A crisp white shirt or a perfectly cut white tee is a wardrobe classic. But have you taken a look at your white clothes lately? If they look a little grey or off-white, it may be time to brighten them. If you don't happen to have any chlorine bleach on hand, or if you prefer to skip the chemicals, here are some alternative ways to whiten your laundry, including some all-natural methods.
White laundry can become dingy from various causes:
Color transfer from other fabrics, especially if you wash everything together
Detergent and fabric softener residue left in the fabric
Environmental causes, like nicotine or air pollution
Body oils and stains from food and drink
When it's time to brighten your white clothing, bed sheets, and bath towels, many of us turn first to either chlorine or oxygen bleach. But there are other ways to whiten fabrics. Most of these bleach alternatives work best on natural fibers, like cotton or linen, and should only be used on white clothing without prints or contrasting trim to avoid fading. As with regular bleach, follow the instructions carefully! If you prefer to skip the store-bought products completely, there are also some proven methods for brightening laundry using supplies you may already have on hand, such as lemons and white vinegar.
Distilled White Vinegar
Add one cup of distilled white vinegar to one gallon of hot water. Submerge the white fabric and allow it to soak overnight, then launder as usual. Adding one cup of white vinegar to the rinse cycle when washing white or colorful clothing will help cut through the detergent residue that leaves clothes looking dull.
The citric acid in lemons can bleach fabrics and works well to whiten cotton, linen, and polyester fibers. Mix a half cup of lemon juice (from about four lemons) into one gallon of hot water. Add the white laundry and allow it to soak for at least one hour or up to overnight to whiten. Then wash as usual.
Stir one cup of baking soda into one gallon of boiling water, then remove from the heat, add the dingy white clothes, and let them soak for at least an hour or overnight. The sodium bicarbonate will help cut through the soil on cotton clothing that leaves them dull. Wash as usual.
Safe to use on all washable fabrics, hydrogen peroxide is a mild form of oxygen bleach. Use the same 3 percent solution sold in drugstores for first aid and add one cup to the washing machine's bleach dispenser. Because hydrogen peroxide breaks down quickly, make sure it is fresh (it should fizz when poured into a cup) or else you're just adding plain water to the washer!
An old-fashioned product that comes in either a powdered or liquid formula, bluing adds a trace of blue iron pigment that makes the fabric appear whiter to the human eye. Bluing can be added to the wash or rinse cycle, but you should always dilute it and follow the directions carefully. It does fade after several washes but can be reused often.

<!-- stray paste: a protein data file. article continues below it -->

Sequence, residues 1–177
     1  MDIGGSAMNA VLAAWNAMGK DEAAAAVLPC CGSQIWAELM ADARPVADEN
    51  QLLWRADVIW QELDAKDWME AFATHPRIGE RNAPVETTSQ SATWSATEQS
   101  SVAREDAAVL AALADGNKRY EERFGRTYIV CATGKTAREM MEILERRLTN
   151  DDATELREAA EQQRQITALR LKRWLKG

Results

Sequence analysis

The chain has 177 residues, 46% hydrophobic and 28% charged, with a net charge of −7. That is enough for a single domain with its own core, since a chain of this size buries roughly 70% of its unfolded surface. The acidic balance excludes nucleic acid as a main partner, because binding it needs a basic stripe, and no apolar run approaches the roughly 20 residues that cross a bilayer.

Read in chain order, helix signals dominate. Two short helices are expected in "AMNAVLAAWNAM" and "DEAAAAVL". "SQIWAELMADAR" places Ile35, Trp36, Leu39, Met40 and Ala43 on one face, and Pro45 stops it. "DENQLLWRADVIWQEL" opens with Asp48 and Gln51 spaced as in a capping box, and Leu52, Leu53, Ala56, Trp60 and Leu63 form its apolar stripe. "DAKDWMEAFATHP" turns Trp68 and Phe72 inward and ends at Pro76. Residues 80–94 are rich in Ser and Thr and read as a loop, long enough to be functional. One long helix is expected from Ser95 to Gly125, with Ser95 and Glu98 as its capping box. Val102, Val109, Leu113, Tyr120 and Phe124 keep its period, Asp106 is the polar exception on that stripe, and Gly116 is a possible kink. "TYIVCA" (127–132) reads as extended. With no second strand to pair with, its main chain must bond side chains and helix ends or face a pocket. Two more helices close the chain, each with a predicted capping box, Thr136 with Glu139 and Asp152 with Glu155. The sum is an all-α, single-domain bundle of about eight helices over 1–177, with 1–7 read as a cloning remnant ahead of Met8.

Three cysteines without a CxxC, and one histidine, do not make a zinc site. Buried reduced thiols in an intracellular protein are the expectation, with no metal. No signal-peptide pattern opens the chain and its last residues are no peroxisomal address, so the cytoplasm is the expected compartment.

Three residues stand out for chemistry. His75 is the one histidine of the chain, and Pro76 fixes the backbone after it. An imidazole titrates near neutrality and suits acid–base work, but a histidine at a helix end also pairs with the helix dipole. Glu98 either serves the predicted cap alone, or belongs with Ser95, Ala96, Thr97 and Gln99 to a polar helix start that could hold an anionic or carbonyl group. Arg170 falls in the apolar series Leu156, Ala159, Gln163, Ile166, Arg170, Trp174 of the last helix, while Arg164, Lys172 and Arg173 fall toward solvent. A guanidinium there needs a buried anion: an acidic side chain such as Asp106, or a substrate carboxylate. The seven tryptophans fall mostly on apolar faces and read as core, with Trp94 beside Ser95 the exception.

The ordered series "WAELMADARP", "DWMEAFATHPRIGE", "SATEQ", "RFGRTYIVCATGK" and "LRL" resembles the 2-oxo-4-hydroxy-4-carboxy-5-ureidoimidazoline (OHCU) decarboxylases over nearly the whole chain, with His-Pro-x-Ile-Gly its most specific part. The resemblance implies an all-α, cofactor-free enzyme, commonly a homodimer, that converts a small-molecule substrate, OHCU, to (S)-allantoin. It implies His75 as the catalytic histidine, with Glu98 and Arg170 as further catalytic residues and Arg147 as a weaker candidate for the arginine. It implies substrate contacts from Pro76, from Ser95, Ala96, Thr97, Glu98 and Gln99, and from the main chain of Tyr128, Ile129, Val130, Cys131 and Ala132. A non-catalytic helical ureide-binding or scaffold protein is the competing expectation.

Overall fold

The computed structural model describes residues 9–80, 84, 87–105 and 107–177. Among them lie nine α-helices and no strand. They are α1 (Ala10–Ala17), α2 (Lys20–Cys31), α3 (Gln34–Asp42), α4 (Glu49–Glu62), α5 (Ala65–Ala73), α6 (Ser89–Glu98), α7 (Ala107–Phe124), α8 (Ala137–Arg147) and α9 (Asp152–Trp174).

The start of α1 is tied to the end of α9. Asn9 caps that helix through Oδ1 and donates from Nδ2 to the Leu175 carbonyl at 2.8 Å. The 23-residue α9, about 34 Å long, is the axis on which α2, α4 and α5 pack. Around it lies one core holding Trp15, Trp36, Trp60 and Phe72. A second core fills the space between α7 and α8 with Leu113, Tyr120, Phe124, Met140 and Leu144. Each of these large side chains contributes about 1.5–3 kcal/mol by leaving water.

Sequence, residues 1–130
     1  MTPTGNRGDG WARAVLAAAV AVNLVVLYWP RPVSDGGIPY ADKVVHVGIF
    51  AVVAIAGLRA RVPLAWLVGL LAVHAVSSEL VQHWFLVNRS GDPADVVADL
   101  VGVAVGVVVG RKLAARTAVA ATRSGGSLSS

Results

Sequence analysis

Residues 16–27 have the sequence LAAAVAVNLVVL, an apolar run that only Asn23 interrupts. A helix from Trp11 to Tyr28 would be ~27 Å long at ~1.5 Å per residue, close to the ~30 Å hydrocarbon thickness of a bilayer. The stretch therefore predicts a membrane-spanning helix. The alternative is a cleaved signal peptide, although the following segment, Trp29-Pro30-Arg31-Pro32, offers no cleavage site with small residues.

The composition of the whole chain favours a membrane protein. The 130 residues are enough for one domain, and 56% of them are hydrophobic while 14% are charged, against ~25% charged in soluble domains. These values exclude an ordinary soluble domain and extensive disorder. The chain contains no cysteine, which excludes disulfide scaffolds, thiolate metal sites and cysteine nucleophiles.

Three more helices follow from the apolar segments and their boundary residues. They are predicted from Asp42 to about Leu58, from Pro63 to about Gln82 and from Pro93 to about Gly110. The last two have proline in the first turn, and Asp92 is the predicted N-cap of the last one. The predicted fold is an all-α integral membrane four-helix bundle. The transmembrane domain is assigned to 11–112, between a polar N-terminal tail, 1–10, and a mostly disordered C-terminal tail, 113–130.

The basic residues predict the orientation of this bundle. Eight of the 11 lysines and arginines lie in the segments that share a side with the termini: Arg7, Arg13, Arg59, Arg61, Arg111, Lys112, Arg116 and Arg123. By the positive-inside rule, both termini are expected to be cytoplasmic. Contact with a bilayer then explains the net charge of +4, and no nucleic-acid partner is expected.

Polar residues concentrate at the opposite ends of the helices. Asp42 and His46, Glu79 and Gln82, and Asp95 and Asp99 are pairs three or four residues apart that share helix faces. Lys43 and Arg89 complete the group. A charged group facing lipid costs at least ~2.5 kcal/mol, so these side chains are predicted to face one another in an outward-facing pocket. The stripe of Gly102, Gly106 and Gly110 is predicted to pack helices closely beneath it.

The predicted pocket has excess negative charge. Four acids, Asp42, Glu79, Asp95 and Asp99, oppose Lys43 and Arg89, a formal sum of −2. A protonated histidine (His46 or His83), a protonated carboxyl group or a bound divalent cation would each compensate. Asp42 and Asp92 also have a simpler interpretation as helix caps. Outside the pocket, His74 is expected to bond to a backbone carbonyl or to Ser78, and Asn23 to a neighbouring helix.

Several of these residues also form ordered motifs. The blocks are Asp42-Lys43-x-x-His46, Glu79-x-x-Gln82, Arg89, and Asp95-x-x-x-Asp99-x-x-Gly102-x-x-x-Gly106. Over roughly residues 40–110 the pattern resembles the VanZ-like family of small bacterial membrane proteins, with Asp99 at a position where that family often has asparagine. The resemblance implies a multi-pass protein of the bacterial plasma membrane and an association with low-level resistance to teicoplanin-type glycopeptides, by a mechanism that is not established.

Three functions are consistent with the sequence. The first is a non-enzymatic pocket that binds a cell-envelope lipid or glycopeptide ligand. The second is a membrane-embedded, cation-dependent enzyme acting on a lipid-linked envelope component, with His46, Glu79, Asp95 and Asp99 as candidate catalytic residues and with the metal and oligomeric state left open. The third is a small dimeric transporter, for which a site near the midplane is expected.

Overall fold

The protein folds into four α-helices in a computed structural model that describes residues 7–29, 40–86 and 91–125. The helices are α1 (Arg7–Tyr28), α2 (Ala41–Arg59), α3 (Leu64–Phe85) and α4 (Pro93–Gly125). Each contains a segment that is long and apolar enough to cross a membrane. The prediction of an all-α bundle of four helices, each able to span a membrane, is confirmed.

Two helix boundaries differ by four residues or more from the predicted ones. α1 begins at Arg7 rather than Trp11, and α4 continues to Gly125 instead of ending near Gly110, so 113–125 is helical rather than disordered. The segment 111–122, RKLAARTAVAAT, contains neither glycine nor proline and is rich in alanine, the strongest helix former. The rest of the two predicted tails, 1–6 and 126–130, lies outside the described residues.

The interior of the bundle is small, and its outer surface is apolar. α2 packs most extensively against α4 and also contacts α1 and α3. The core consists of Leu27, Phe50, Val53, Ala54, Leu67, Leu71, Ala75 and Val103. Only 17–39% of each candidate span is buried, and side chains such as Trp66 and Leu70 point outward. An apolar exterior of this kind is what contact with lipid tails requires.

Used by textile artists, color removers are chlorine-free but contain sodium hydrosulfite to remove dye from fabrics. It is safe to use on cotton, linen, silk, wool, rayon, ramie, and synthetic fabrics. You'll get the best results on natural fibers, but it will also brighten dingy white polyester.
When you don't have any chlorine beach on hand or don't have room to store a big container of bleach, try this trick. Most powdered dishwasher detergents contain sodium hypochlorite (chlorine bleach) that will whiten natural fiber fabrics. Add a fourth or a half cup of the powder to a gallon of hot water and be sure the powder dissolves. Add the dingy white clothes and allow them to soak for at least 30 minutes before washing as usual.
The salicylic acid in aspirin does more than ease a headache, it can also help brighten fabrics—but it is going to take more than two tablets. To whiten clothes, you'll need at least 10 aspirin tablets per gallon of hot water. This method is most effective on 100 percent cotton fabrics.
Bring a gallon of water to a boil and add the aspirin tablets, stirring to dissolve. Remove the pot from the heat and add the cotton fabric. Don't overcrowd the pot! Allow the fabric to soak until the water cools completely, and then wash as usual.
A naturally occurring mineral, borax is a chlorine bleach alternative that helps remove stains and cuts through dulling residue. Add a half cup of powdered borax per one gallon of warm water. Add the white clothes and allow them to soak for at least 30 minutes or longer. Wash as usual.
The sun's ultraviolet rays can cause colorful fabrics to fade, but it also brightens white laundry. The UV rays not only bleach fabrics, but they also kill many types of germs and help to disinfect fabrics. Hang white bed sheets or towels in direct sunlight and allow them to dry.